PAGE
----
Why authors need to be good sleuths
Thursday, 3 March 2016
In my novel 'The Pagoda Tree', the main character, Maya, is a temple dancer in India. While these temple dancers, or ‘devadasis’, have been compared to the geishas of Japan, it is their connection to the temples that make them unique. I was fascinated by their role in 18th Century Indian society, when my novel is set. They seemed to operate between the worlds of sacredness, culture and sensuality.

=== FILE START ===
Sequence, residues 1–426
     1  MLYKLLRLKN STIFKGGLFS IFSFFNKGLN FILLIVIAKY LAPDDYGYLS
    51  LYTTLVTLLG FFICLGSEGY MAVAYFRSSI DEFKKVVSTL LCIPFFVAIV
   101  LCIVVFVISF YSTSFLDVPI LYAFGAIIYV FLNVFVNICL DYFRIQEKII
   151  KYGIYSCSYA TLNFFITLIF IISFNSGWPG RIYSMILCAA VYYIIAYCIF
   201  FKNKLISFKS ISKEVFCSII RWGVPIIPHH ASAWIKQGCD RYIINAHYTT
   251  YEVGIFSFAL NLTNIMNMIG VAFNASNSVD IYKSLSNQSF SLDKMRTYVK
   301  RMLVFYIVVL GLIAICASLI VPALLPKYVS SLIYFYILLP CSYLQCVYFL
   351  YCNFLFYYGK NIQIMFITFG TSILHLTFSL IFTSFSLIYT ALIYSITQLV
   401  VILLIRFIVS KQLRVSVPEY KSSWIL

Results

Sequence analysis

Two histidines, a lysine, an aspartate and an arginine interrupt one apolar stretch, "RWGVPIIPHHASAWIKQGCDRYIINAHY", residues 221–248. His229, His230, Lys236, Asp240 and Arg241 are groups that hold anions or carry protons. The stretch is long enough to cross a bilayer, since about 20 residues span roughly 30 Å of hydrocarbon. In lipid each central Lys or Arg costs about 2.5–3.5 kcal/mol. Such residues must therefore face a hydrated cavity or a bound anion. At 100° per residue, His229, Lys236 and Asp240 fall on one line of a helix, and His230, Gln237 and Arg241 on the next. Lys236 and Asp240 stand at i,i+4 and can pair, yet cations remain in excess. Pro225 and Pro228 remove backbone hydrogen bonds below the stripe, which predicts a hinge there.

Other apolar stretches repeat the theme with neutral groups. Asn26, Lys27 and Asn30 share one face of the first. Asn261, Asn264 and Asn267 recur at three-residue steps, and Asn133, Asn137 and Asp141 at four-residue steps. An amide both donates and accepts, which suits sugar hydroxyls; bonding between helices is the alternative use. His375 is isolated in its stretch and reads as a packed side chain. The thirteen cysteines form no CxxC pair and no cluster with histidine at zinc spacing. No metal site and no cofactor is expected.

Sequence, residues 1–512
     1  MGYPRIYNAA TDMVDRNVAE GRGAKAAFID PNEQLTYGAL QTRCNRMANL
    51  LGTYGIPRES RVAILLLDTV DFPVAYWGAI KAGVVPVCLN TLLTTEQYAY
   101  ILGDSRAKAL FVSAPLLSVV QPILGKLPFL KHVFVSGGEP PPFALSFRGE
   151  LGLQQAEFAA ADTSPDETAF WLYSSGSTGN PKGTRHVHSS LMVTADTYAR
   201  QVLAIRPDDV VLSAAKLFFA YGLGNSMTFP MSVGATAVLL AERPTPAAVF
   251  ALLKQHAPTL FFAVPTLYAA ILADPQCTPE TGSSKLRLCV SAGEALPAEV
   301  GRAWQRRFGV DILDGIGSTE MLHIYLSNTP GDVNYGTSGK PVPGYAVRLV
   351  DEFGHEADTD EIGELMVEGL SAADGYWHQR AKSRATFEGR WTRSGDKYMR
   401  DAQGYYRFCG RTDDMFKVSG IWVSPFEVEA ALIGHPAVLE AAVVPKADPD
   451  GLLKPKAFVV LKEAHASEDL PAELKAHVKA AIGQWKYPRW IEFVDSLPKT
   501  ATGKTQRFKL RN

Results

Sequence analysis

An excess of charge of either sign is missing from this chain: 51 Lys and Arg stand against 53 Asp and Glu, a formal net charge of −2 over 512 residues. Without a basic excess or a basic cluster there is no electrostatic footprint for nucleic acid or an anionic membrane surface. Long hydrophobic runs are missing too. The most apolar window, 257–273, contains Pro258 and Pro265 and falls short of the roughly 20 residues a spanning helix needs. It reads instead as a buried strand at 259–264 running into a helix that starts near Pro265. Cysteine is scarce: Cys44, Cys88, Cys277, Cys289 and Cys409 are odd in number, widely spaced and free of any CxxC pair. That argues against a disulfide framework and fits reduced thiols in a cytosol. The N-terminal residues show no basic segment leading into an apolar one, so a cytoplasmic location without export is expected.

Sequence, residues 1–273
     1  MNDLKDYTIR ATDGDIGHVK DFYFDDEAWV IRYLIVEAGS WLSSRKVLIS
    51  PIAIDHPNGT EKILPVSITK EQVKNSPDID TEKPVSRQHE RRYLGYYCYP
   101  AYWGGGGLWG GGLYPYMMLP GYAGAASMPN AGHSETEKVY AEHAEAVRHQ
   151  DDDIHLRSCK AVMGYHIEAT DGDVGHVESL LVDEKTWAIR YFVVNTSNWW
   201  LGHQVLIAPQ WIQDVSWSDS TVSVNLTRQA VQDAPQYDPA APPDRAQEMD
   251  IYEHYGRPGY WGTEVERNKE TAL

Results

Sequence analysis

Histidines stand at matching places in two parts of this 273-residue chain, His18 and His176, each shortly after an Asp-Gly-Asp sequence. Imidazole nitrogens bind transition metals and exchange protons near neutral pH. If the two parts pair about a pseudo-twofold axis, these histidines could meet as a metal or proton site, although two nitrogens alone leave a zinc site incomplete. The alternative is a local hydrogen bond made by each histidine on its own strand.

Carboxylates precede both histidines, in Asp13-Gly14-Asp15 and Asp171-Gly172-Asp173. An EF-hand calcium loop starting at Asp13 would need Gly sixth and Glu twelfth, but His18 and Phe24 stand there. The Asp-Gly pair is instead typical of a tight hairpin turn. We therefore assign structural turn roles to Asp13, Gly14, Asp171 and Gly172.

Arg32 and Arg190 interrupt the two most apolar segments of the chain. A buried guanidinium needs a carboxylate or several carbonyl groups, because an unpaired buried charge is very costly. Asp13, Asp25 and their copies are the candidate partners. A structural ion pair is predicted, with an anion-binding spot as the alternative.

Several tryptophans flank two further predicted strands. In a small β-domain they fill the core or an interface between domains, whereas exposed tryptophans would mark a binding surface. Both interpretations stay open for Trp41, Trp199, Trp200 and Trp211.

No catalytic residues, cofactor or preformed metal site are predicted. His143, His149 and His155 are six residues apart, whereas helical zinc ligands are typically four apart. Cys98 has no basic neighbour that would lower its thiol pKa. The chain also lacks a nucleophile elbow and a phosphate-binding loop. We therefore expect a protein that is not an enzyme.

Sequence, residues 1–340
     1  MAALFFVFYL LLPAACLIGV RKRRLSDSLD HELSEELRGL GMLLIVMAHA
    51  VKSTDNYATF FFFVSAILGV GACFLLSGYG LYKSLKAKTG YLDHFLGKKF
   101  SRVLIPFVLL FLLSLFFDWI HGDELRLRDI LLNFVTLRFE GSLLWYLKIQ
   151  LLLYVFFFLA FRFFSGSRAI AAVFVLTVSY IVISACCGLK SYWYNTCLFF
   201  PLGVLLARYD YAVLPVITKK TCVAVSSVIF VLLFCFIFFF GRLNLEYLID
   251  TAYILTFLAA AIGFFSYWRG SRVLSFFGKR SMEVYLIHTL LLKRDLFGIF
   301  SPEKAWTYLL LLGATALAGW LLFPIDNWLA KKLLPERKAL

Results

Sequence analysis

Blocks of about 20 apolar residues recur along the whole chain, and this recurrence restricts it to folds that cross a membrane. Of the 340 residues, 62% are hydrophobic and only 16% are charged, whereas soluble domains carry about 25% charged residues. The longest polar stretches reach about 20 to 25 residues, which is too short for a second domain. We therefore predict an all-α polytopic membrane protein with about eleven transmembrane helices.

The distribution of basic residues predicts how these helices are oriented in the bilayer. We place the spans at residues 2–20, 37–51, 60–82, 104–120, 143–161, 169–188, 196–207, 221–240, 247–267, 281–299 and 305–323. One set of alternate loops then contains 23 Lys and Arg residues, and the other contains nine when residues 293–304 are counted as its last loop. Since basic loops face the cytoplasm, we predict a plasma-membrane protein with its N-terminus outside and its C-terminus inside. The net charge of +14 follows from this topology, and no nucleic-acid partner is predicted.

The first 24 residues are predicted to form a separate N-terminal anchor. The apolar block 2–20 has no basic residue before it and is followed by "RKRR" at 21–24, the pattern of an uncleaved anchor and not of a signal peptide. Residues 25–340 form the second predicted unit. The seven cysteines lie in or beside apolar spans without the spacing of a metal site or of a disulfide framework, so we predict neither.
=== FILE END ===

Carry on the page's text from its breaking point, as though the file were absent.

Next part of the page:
Initially, I planned to write a non-fiction book about these women, but with so few sources available – and a secret desire to write a novel – I decided to take the leap to fiction. This lush portrait of a woman, Dancing Girl with a Hookah in Faizabad 1772, is by the English artist Tilly Kettle. In researching my novel I often turned to paintings by both English and Indian artists, as well as carvings and fragments of poetry, as a way to understand my characters. I reckon all authors need to be good sleuths (and not just those who write crime) to find out what really makes their characters tick.
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